A writer is contemplating his new book, a children`s story. The story is about a Jewish man, Gustav Vierundzwanzig, and his grandson, Uri. The grandfather, a native German, fled to pre-state Israel in 1939, but continues to communicate telepathically with his wife, Hilda, who disappeared in Germany. He teaches this telepathic "game" to his grandson, who gets to know Berlin well despite never having been there. In fact, the boy becomes a living map of a Berlin that no longer exists, and he then undertakes a mission to find his missing grandmother.
The writer is Yoram Kaniuk himself. In the summer of 1999, he sets out for Berlin, following the footsteps of his young protagonist, searching for the imaginary grandmother of an imaginary boy. He soon realizes, however, that he is actually in search of something else. Unlike the children's story that he initially set out to write, The Last Berliner is actually a mosaic of travel stories, of unpublished material and "funny, sad, moving and banal events" written about in newspaper columns. It is thus an exploration of Germany, Israel and the Holocaust -- the story of shadows, the "echoes of footsteps" of millions of Jews.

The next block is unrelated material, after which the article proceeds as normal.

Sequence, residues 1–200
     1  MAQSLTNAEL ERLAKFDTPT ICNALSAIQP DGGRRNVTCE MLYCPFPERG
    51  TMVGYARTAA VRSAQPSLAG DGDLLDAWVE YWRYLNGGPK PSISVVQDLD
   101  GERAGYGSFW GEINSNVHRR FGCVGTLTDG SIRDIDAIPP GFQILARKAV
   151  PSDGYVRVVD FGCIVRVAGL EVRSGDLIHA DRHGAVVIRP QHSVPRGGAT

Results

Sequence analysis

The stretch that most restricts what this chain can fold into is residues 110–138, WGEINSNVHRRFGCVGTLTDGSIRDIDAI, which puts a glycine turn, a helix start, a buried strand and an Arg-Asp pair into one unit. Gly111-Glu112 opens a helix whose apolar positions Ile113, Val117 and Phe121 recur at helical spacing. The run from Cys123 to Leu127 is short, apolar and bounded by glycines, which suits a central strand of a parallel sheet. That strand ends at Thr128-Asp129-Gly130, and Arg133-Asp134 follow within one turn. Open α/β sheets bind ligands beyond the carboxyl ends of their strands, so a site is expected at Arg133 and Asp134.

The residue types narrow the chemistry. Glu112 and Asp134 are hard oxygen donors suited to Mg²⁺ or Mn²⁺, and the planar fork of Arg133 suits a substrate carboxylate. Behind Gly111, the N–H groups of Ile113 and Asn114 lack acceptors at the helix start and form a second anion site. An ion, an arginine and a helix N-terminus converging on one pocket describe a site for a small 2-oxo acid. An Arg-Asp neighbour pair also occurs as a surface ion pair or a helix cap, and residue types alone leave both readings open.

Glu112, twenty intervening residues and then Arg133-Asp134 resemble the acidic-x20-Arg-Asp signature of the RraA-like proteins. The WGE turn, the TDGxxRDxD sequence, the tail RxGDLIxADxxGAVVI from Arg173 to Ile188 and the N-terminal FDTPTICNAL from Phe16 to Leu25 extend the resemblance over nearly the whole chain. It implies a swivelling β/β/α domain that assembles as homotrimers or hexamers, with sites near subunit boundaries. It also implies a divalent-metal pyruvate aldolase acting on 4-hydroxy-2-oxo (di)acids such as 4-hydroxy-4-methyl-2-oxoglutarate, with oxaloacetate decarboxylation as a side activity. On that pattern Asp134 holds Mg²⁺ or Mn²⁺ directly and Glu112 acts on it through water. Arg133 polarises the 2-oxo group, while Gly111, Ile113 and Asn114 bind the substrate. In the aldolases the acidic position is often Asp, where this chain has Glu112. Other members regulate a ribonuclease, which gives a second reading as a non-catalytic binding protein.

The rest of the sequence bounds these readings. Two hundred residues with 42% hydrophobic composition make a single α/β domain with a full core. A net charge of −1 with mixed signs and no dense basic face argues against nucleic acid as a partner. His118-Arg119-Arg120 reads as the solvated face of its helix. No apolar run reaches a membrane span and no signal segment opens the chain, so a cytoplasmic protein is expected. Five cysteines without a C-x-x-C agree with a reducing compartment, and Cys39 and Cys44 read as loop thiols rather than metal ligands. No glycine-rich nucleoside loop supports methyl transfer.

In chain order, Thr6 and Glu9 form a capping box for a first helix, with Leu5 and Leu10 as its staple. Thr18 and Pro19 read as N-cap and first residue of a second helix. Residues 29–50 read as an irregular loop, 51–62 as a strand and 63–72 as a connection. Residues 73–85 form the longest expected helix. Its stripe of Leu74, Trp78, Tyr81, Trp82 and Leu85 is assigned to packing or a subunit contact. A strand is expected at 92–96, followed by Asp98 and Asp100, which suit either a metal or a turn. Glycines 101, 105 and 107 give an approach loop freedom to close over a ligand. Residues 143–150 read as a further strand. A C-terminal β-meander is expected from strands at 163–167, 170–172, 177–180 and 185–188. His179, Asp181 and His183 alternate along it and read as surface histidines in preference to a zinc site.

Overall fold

During his travels in Germany, Kaniuk encounters numerous people who all have stories to tell about the war – where they were, how they survived (if they were Jews), or in what capacity they served (if they were Germans).
Kaniuk interweaves these stories, as well as others, with his meditations on the paradox of the German cultural Renaissance on the one hand and its horrific killing industry on the other; on how present-day Germany is dealing with the Holocaust and appropriate ways to commemorate it; on whether Germans and Jews can and should live together in Germany; on how Israel dealt with such events as the Eichmann trial and the Gulf War; on God; and on the need for an understanding of the Holocaust – and the seeming impossibility to make any sense of it.